6.1.2 Enzymes and digestion.
6.1.2 Enzymes and digestion.
Most food molecules are large polymers and insoluble
They must first be digested to smaller soluble molecules before they can be absorbed into the blood
Enzymes are biological catalysts that increase the rate of reaction
Digestive enzymes are secreted into the lumen of the gut
Digestive enzyme increase the rate of reaction of the hydrolysis of insoluble food molecules to soluble end products
Digestive enzymes increase the rate of reaction at body temperature
This image illustrates the reduction in activation energy that is achieved by the use of an enzyme
Notice that the normal reaction requires a higher activation energy which would correspond to a high body temperature. This is usually not possible in living organisms.
The enzyme-catalysed reaction has a lower activation energy. This lower activation energy would correspond to body temperature but is only possible in the presence of an enzyme
Example 1 Pancreatic amylase:
Source the Pancreas
Optimal pH 7.5-7.8
Substrate is starch (amylose)
End product is the disaccharide maltose
Action: hydrolysis of 1-4 glycosidic bonds
Example 2: Pepsin is a protease produced in the stomach
Source is the stomach
Optimal pH is 2
Substrate is a polypeptide chains of amino acids
End product is small polypeptides
Action is the hydrolysis of peptide bonds within the polypeptide chain (endopeptidase).
Example 3: Pancreatic lipases:
Source is the pancreas
The optimal pH is 7.2
The substrate is a triglyceride lipid
The product is glycerol and fatty acid chains
The action of pancreatic amylases also requires the presence of bile salts that emulsify the lipid. This emulsification has two effects:
Increases the surface area of the lipid for the digestion of fat
Exposes the glycerol 'head' structure to the enzyme
Action: hydrolysis of ester bonds between the glycerol molecules and the fatty acid chains.
The stomach stores the food from a meal and begins protein digestion.
(a) Lumen of the stomach which stores the food from a meal
(b) Gastric pits from which mucus , enzymes and acid are secreted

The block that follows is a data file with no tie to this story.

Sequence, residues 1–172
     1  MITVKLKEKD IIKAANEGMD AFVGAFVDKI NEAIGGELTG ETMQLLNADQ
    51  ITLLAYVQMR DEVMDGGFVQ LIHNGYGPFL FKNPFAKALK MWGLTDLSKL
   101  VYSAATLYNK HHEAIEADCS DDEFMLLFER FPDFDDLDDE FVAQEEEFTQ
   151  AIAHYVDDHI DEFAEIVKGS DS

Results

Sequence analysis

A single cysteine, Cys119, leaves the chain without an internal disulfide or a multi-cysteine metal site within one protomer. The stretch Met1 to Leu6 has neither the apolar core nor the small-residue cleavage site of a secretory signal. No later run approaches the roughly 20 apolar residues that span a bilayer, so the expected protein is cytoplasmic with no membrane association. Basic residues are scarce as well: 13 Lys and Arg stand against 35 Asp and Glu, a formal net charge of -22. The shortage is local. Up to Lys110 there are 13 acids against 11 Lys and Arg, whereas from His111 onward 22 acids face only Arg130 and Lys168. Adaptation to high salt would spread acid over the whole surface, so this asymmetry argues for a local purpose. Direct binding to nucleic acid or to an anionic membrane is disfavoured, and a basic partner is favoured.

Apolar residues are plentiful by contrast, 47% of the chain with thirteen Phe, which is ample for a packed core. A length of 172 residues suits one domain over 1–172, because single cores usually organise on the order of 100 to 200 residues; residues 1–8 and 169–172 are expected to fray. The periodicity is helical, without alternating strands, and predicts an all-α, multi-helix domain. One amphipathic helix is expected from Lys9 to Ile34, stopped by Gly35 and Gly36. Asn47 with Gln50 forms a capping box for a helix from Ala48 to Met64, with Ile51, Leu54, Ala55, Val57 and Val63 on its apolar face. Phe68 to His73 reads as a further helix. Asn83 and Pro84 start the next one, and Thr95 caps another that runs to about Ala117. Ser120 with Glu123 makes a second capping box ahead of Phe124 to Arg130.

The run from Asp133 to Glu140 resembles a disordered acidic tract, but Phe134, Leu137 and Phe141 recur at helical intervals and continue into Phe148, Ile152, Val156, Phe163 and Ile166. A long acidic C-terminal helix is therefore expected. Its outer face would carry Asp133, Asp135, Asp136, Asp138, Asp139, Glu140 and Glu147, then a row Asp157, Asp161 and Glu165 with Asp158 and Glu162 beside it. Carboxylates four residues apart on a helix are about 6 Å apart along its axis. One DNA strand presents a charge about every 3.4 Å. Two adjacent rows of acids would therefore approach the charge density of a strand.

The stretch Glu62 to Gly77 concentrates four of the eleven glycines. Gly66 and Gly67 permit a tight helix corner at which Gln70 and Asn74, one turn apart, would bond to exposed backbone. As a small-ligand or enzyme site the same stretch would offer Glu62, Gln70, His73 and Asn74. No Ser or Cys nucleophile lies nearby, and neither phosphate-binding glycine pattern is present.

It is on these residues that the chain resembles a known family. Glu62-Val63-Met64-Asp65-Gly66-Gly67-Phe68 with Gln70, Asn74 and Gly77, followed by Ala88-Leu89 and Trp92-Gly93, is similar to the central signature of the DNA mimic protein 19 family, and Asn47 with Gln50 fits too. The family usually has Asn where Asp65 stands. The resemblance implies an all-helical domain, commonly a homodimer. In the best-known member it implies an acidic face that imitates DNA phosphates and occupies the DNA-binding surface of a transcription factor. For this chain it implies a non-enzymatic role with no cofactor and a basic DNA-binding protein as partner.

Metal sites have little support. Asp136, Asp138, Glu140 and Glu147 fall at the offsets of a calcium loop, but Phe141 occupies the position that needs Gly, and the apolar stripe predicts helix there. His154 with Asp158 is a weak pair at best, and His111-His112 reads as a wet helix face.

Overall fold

(c) Mucus secreting cells. Mucus protects the surface of the stomach from auto-digestion
(d) Parietal cells that produce HCL which kills microorganism that enter the digestive system (food & tracheal mucus). This also converts inactive pepsinogen to active pepsin
(e) Chief cells: produces pepsinogen a protease enzyme
2. small Intestine
In the small intestine digestion is completed.
The products of digestion are absorbed into the blood stream.
(a) Villus which increase the surface area for absorption of the products of digestion
(b) Microvilli border of the epithelial cell increases the surface are for absorption.
(c) Lacteals are connect to the lymphatic system for the transport of lipids.
(d) In the wall of the small intestine are the blood vessels to transport absorbed products to the general circulation, There are also the muscle to maintain peristalsis
3. Large Intestine or colon:
The colon is responsible for the reabsorption of water from the gut.
(a) The lumen of the colon
(b) The mucus producing goblet cells
(b) Muscular walls to maintain peristalsis
Insoluble food molecules are digested to soluble products in the lumen of the gut.
The soluble products are first taken up by various mechanisms into the epithelial cells that line the gut.
These epithelial cells then load the various absorbed molecules into the blood stream.
The soluble products of digestion are then transported to the various tissues by the circulatory system.
The cells of the tissues then absorb the molecules for use within this tissues
The structure of the villus increases the surface are for the absorption of digested food molecules.
(a) folds increase SA:VOL ration by X 3
(b) Villi project into the lumen of the gut increasing the surface area by X 10
(c) Microvilli are outward folds of the plasma membrane increasing the surface area another X10
This sequence of light microscope and electron micrograph images show the same sequence as the diagram above.
Histological adaptations within the villus.
Blood supply in the villus which absorb the end products of digestion from the epithelial cells
The lacteals (green) that receive the lipoproteins before transporting them to the circulatory system.
Muscular walls that maintain the movement of chyme by peristalsis.